Buckles are swashed in a most lavish manner. Lewis Stone plays an Englishman who must take his look-alike cousin’s place in order to save the throne, etc. etc. but Ramon Novarro steals the show as a deranged dandy. It’s easy to see why this was his breakout role.Continue reading “Fun Size Review: The Prisoner of Zenda (1922)”
Rex Ingram and company show us the French Revolution in style! Ramon Novarro (in an exceedingly fine performance) is a vengeful lawyer turned actor turned swordsman turned revolutionary. Busy fellow, yes? Lewis Stone is his wily aristocratic opponent and turns in one of the best performances of his career by playing against type.Continue reading “Fun Size Review: Scaramouche (1923)”
Ramon Novarro and Norma Shearer play young lovers divided by class in Ernst Lubitsch’s lavish operetta adaptation. Jean Hersholt steals the picture.
Welcome back! I’m cooking my way through Photoplay’s 1929 cookbook but I sometimes take detours. Today, I’ll be sampling a variation on a popular dip credited to one of Hollywood’s most charming leading men published in a Beverly Hills cookbook.
By all rights, the original (yes, original) 1925 Ben-Hur should have been a disaster but it somehow managed to survive and thrive despite budget woes, fascists, and fired directors, screenwriters and producers.
Religion. Politics. Chariot races. Pirates. Ben-Hur the novel has all the ingredients to make a great film. The 1959 version is the most famous but the 1925 film is the one that got it right. Big, beautiful and an epic’s epic, what’s not to love?
Continue reading “Ben-Hur (1925) A Silent Film Review”
Ramon Novarro and Enid Bennett– both best remembered for their unabashedly heroic roles– take a dip into some very dark waters with this Parisian drama. It’s all about an innocent young couple who are separated and slip into lives of crime, degradation, depression and hatred. If it sounds depressing, it is. However, it is also skillfully made (the gloom and decay are gloriously shot and the lighting is splendid) and Bennett’s acting is a revelation.
(You can read my full-length review here.)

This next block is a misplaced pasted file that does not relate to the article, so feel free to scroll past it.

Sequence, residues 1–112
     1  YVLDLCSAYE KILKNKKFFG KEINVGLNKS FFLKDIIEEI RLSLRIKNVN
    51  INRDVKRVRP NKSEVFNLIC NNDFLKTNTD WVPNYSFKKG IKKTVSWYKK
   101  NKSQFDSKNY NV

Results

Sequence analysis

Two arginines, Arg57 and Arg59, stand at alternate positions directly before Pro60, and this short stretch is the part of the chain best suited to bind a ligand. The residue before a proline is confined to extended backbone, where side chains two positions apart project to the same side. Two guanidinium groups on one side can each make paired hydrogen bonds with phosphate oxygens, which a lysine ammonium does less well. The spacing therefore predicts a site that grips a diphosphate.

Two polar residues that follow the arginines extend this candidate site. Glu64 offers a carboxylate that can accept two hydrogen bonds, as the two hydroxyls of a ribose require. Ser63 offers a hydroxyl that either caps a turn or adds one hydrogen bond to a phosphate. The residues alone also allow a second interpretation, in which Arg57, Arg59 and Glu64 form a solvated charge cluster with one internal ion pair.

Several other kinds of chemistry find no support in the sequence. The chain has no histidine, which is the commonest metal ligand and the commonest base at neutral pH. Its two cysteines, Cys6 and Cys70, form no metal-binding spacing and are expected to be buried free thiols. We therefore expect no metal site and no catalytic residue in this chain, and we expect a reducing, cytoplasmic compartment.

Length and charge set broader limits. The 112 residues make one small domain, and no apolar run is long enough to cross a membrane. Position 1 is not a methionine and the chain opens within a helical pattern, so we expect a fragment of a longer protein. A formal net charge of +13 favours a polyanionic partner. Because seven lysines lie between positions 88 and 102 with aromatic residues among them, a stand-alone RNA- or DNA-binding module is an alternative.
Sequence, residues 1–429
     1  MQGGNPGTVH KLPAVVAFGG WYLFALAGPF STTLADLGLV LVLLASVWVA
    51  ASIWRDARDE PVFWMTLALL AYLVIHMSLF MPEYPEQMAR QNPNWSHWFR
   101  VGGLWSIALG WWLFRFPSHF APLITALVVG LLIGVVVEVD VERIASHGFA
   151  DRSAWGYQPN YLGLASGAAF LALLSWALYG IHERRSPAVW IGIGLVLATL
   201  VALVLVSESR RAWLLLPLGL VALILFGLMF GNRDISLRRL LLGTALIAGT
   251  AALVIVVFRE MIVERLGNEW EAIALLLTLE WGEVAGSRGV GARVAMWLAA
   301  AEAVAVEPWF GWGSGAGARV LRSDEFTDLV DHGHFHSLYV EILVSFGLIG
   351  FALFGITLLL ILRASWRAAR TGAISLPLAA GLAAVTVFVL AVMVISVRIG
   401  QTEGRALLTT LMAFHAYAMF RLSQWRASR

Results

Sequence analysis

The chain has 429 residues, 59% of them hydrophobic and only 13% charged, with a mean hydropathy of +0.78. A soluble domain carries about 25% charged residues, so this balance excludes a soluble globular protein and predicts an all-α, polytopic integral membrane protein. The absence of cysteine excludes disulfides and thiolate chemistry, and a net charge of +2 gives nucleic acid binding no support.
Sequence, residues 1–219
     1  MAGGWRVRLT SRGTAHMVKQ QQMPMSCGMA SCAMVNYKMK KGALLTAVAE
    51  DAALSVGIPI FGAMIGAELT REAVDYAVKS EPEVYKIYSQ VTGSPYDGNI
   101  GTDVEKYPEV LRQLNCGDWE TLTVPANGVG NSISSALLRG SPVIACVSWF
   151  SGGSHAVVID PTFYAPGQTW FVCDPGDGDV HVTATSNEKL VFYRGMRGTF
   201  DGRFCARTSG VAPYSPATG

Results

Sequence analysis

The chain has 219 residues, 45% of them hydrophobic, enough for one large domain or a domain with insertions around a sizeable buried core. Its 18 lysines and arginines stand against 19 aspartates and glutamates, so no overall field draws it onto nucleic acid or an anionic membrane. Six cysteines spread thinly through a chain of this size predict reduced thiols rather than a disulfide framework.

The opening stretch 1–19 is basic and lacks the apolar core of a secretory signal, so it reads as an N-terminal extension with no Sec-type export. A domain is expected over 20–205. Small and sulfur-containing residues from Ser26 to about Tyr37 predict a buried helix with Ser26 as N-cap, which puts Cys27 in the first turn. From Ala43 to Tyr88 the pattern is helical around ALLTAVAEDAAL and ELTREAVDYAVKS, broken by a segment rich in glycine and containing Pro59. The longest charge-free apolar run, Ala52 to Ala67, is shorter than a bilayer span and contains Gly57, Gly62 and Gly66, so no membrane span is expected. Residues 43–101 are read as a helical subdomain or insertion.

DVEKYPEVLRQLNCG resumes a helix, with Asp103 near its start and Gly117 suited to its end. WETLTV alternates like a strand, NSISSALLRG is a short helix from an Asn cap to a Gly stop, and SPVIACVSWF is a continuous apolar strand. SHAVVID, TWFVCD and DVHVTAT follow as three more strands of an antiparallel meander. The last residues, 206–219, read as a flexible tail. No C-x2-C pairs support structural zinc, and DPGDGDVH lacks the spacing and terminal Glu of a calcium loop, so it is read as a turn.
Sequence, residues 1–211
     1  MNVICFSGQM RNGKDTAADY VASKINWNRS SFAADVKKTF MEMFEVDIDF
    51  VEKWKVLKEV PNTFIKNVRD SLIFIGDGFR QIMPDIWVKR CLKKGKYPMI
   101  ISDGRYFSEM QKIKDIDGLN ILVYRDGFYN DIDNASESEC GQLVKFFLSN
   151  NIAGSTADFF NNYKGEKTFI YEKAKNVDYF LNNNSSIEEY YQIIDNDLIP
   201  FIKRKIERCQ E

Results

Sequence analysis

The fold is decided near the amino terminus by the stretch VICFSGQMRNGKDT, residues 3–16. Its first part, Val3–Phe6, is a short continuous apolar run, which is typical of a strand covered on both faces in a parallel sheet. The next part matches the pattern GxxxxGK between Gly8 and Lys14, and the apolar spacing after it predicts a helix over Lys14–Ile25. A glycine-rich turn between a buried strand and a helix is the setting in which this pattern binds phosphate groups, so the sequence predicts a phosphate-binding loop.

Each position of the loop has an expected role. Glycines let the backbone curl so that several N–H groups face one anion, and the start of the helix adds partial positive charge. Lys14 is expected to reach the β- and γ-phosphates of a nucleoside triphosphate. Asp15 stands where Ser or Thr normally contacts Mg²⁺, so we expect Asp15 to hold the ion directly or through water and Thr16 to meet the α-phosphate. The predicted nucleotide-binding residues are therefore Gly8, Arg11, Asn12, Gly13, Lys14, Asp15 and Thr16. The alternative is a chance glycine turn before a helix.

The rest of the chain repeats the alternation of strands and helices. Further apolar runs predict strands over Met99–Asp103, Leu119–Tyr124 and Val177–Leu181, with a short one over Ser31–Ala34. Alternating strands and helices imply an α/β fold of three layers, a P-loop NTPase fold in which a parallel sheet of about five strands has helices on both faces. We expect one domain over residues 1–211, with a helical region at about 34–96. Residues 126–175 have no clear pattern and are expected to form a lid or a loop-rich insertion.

[toggler title=”How does it end? (click here for a spoiler)” ]Novarro scorns Bennett but repents when she gets shot saving him from the police. He allows himself to be arrested and sent to prison, she goes to a convent to recover and both reunite later to begin a new life together.[/toggler]
If it were a dessert it would be:
Bitter Orange Creme Brulee. Not for kids and not exactly sweet but certainly worth your time.
Availability: Released to DVD by Warner Archive with a score that, I am not kidding, is one of the finest I have ever had the pleasure of hearing.
Enid Bennett and Ramon Novarro play a pair of young lovers who just want to get married. When they are separated in Paris, each begins a slide toward degradation and depravity. Will the unfortunate pair find one another again or are they too damaged to rekindle their love? Heavy stuff.
Featuring the famous opening line, “he was born with the gift of laughter and a sense that the world was mad,” Scaramouche is the tale of Andre-Louis, a young lawyer (Ramon Novarro) who seeks to revenge the murder of his best friend at the hands a heartless aristocrat (Lewis Stone). To further his ends, Andre-Louis becomes an actor, a fencing master and, finally, an architect of the French Revolution.
Continue reading “Scaramouche (1923) A Silent Film Review”
Rudolf (Lewis Stone) is an Englishman on holiday in the unstable European kingdom of Ruritania. It turns out that he is a dead ringer for the soon-to-be-crowned king (also Lewis Stone). This comes in handy when the king is kidnapped by his evil brother and Rudolf must take his place to save the kingdom. A young Ramon Novarro has a star-making turn as the theatrical (and homicidal) Rupert of Hentzau.
He’s a sheik. She wears chic clothes. He lives in a tent. She lives in a manor. He fights enemy tribes. She fights hat hair. Getting a date with her is out of the question. Backup plan: Abduction. Obviously.Continue reading “The Sheik (1921) A Silent Film Review”